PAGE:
My 16-year-old son gets his GCSE results today. With a reasonable degree of luck, he should achieve a decent sprinkling of As and A*s to ornament his CV. A credit, without doubt, to his own hard work, some excellent teaching and his long-suffering parents. Nonetheless, I think the past few months have been a complete waste of his time.
In order to achieve today's outcome of 10 GCSEs, he sat 25 exam papers in May and June. Earlier in the year, he spent a further two weeks preparing for and writing two "controlled assessments". And that's not to mention the voids that were Christmas and Easter, when the entire school holidays were devoted to revision.
In seems to me both inhumane and idiotic to consume four years of adolescence preparing for and sitting public examinations. When I try to explain this peculiarly British idiosyncrasy to my overseas clients, they look at me in frank astonishment. If Michael Gove wants to borrow from abroad, he might consider adopting a policy – widespread elsewhere – of a single school leaving exam set at the end of the schooling years.
We are today a nation foolishly in thrall to statistics – of football scores and public-exam results. This February, the headmaster of Eton, Tony Little, called for the abolition of GCSEs, not, as the Government constantly stresses, because they're too easy, but because they're irrelevant, a hangover from an age when most students left school at 16.
From 2015, the entire student population will be required to remain in full-time education or training until 18, and Mr Little recommends we now make a shift to a general school leaving certificate, giving teachers more power over what they teach and preventing the syllabus being dictated by the exam system.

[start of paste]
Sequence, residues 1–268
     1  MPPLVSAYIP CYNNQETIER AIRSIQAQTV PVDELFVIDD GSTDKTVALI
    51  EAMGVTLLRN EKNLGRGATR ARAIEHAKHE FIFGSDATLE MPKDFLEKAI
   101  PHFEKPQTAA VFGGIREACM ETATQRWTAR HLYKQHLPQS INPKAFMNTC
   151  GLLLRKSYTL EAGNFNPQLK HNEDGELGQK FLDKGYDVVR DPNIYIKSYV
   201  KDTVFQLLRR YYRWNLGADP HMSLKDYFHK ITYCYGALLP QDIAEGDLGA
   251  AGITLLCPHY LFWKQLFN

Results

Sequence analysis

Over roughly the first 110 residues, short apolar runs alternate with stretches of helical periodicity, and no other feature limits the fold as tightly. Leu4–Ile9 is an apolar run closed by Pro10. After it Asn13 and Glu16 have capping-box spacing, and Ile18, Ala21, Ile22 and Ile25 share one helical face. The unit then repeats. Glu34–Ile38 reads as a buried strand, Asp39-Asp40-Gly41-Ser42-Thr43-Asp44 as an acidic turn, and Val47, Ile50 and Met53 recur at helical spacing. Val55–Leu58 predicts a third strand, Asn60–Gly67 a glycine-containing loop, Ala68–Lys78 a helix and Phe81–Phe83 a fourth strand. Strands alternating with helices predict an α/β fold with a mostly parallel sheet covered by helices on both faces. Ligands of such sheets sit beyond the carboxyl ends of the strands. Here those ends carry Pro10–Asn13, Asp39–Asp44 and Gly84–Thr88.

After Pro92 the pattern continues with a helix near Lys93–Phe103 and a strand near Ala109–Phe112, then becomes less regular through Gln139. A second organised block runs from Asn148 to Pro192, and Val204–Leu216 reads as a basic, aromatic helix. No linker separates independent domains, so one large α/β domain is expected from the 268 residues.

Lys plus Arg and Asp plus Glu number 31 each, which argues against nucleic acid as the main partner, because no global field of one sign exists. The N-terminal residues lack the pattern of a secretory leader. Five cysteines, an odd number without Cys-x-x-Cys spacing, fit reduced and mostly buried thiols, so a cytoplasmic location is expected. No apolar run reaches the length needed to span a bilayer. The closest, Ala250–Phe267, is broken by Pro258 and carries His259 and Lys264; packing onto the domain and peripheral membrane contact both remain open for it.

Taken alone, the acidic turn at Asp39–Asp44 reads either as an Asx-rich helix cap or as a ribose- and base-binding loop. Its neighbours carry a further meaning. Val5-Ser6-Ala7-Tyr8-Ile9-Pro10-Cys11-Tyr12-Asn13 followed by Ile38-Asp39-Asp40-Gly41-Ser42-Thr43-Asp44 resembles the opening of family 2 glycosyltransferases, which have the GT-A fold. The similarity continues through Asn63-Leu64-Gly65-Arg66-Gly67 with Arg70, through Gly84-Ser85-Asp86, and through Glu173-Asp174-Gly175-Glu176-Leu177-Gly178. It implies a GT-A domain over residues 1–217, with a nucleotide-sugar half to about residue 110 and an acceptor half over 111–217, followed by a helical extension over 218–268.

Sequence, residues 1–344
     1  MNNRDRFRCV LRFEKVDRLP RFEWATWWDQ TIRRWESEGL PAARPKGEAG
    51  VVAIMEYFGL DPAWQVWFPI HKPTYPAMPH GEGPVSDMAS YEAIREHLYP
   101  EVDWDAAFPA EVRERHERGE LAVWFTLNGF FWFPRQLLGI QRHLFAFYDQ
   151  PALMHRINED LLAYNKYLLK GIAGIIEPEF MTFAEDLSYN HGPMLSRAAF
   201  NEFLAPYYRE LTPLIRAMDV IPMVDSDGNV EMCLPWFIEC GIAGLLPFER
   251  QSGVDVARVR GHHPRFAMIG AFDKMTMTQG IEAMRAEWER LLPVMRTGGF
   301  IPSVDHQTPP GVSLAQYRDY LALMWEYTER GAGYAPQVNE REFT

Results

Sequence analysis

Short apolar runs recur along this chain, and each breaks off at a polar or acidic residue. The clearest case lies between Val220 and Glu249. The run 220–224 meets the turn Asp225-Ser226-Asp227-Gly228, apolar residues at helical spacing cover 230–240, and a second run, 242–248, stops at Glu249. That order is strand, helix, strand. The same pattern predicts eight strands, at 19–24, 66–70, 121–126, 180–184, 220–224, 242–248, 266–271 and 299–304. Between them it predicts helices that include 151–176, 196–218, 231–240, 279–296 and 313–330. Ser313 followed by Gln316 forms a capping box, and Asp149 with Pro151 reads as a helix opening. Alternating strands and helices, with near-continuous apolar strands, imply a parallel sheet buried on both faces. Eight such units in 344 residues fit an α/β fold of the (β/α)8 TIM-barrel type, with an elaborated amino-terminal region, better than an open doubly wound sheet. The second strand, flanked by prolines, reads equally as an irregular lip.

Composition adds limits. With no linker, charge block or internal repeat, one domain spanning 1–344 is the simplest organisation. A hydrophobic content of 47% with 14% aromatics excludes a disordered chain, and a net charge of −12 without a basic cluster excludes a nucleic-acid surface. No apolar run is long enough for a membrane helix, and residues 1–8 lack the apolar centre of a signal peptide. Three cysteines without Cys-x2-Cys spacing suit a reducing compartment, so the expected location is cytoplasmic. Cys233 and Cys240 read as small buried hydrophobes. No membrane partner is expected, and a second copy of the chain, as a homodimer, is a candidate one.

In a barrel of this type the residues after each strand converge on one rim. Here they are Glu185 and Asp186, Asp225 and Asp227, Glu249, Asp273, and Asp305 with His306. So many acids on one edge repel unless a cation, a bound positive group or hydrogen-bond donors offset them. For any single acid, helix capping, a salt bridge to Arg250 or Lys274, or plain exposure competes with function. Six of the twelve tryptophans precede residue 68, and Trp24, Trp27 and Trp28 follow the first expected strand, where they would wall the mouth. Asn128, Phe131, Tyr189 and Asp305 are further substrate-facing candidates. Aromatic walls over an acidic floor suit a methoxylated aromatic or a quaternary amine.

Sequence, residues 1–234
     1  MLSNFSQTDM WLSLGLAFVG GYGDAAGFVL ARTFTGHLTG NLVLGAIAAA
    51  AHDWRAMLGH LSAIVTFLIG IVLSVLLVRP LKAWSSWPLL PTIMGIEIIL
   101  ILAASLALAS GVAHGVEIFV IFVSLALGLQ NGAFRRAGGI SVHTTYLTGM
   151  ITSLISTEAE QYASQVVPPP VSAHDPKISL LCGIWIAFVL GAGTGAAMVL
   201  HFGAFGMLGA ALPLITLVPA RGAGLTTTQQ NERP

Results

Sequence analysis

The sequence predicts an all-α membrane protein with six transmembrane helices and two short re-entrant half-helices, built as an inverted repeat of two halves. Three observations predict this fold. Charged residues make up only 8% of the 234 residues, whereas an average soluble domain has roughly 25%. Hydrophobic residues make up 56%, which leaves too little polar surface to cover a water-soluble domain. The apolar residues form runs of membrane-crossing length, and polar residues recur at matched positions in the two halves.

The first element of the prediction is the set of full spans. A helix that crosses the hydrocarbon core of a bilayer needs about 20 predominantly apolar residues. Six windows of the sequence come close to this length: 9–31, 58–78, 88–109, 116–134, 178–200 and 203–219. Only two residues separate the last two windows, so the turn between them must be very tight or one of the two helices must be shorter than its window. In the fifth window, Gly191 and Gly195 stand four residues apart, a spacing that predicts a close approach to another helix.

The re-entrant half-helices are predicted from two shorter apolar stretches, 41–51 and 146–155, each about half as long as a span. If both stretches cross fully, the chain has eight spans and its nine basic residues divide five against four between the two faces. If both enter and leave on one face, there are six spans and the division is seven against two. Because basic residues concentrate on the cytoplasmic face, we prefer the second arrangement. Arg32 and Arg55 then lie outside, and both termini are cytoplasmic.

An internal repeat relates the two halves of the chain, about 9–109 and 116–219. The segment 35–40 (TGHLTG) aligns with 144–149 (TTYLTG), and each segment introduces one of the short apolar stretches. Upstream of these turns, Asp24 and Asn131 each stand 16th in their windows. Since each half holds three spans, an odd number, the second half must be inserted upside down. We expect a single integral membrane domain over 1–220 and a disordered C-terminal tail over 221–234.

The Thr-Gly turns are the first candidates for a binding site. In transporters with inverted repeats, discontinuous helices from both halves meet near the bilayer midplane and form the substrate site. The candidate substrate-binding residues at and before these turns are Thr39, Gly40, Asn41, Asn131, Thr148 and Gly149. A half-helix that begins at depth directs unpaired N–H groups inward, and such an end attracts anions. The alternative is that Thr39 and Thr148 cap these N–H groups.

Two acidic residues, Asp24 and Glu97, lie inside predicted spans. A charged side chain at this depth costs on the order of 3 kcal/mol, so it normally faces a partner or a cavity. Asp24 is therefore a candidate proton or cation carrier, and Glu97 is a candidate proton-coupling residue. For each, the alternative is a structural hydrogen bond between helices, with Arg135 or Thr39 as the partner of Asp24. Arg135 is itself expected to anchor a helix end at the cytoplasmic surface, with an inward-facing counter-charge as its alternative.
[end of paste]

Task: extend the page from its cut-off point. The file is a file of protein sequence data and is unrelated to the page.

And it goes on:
Of course, he is not the first to have considered this option. In 2004, Sir Mike Tomlinson, the former Chief Inspector of Schools, supplied the last government with a highly regarded proposal to replace GCSEs and A-levels with a single diploma. His suggestions were directed at ensuring basic standards of literacy and numeracy, providing courses with academic stretch, raising the status of vocational qualifications and, most importantly for me, reducing the number of exams.
Instead of looking over his shoulder to see what's going on in Sweden and Singapore, or re-reading his copies of Pope and Dryden, Mr Gove might profitably ask an obliging civil servant for a copy of the Tomlinson Report. Pupils, parents, teachers – and even standards – might be better off as a result.Reuse content